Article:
Jacqueline has lost all her family and fled from the crisis-torn Burundi to Rwanda on her own. A football, is one of the few possessions she brought with her to Rwanda. In Mahama camp, where she found safety and friends, she uses the football and other sport activities to help children to overcome the challenges they face in their daily routine.


In her new “home”, the Mahama refugee camp, Jacqueline works for Save the Children. She trains children of all ages in several sports such as football, basketball and some of the educational and recreational activities. She delivers activities every day of the week. Football is her passion and she takes great pleasure in sharing this with the children in the camp.


Project: Rwanda, November 2017 (on-going)

Parent Organization: UNHCR Rwanda

Born: 1992

Nationality: Burundi

Project Rwanda | Facts
Peer Young Coaches
Benefiting Children


“I am originally from Burundi. My parents died when I was still a child. So, I grew up with my three brothers and my sister. I lost one brother from a natural death and the rest were killed during the violent outbreaks in Burundi in 2015. I was only 21 when I decided to flee to Rwanda. I was scared and all alone. It was a long journey to Mahama camp where I live now. I am fortunate to have a little hut for myself and have also found a job. I work as a Community Sport Trainer under the IOC Youth Protection and Sport Project partnership with Save the Children International. The job keeps me busy and working with children is something I really enjoy doing.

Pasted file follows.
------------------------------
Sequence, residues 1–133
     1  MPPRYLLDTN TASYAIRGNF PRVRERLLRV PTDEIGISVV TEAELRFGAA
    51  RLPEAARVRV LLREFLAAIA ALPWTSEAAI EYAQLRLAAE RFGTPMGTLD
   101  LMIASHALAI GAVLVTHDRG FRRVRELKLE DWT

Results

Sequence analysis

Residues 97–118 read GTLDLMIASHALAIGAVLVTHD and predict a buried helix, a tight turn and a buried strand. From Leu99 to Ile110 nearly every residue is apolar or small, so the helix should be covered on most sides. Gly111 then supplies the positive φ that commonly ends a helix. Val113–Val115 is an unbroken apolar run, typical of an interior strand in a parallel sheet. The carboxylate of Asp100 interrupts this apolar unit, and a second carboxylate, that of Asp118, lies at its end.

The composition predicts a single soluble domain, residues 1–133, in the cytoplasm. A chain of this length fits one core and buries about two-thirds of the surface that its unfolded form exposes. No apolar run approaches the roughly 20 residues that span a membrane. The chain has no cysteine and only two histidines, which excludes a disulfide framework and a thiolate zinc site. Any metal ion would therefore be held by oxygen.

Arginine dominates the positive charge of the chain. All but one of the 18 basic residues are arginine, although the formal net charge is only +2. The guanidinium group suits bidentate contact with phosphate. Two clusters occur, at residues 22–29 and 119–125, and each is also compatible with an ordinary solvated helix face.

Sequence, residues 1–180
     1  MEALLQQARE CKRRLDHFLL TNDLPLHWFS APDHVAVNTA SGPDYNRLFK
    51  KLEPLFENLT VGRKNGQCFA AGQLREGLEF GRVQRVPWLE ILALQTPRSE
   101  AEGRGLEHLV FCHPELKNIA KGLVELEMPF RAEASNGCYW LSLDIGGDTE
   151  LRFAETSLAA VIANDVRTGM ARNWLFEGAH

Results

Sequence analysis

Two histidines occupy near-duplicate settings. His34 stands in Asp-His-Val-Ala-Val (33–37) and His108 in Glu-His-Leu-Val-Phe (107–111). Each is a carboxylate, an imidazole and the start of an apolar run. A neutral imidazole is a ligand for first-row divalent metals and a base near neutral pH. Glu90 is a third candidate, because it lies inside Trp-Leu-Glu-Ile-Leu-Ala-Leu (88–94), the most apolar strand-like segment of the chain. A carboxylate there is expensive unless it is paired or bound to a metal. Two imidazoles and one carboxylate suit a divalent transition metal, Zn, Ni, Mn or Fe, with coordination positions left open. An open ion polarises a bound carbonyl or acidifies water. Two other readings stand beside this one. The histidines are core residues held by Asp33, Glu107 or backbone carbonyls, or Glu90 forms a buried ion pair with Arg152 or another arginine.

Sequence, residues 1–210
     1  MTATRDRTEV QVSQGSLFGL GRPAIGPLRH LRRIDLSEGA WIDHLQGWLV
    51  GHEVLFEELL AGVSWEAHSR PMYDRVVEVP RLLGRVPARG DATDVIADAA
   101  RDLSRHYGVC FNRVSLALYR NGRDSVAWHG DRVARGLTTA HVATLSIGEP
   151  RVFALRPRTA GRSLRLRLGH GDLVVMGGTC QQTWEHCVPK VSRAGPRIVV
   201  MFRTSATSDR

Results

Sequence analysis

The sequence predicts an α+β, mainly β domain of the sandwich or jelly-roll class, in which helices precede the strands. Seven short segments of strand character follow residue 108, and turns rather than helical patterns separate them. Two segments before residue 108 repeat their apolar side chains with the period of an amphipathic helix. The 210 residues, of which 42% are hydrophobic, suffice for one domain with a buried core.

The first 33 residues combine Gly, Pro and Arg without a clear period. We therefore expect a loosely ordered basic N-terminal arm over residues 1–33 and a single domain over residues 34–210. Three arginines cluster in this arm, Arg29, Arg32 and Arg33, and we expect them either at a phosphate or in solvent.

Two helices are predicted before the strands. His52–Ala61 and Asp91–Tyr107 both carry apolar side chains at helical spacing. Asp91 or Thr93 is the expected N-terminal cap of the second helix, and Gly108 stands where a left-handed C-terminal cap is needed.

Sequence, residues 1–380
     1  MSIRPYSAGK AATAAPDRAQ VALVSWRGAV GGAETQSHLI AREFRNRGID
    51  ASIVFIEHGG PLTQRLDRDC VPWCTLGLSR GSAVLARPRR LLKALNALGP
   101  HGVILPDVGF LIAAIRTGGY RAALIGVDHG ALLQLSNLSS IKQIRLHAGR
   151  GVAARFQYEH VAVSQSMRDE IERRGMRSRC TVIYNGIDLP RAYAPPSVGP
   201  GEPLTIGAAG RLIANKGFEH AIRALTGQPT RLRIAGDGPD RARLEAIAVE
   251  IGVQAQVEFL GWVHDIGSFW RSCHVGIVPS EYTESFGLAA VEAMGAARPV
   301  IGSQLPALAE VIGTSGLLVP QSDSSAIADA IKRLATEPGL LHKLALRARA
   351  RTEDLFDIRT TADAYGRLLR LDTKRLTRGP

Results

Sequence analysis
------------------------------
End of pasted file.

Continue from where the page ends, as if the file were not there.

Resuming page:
Football is my passion. I started playing football when I was 7 years old. Without the care of parents, I was basically an unaccompanied child, playing on the streets. I preferred playing with the boys as I thought that this would make me stronger, help me to protect myself and build greater resilience. At the age of 13, I played in a mixed football team. My coach was a great person. He mentored me, believed in me, and helped me to overcome my isolation. Thanks to him I became the person I am today, being able to socialize and integrate into the community. This helped me settle into a proper life in my new “home” in Mahama Camp, which hosts more than 55,000 refugees. When I arrived, I was alone. But when I took my ball, I easily made friends. The ball is one of the few things I brought with me from Burundi.

I have two big dreams: One is to help children to grow up properly and build resilience to cope with bad situations. I want to be a good role model for them and help them to overcome the obstacles they face in their daily routine. My second dream is to become an international coach. Thanks to the Young Coach Education Programme, I am a step closer toward achieving both dreams.

The training has equipped me with new and valuable knowledge in grassroots football. Now, I understand how to use a holistic approach, where I can mix different games, educational messages and techniques in one football training. Most importantly, I learned how to manage training activities for both, girls and boys.”


Young Coaches

Our Young Coaches are community leaders and role models in less privileged societies. They commit themselves to support the children of their communities by conveying important social topics (conflict resolution, inclusion, HIV prevention, etc.) through football. Each of the Young Coaches represents a unique personal story.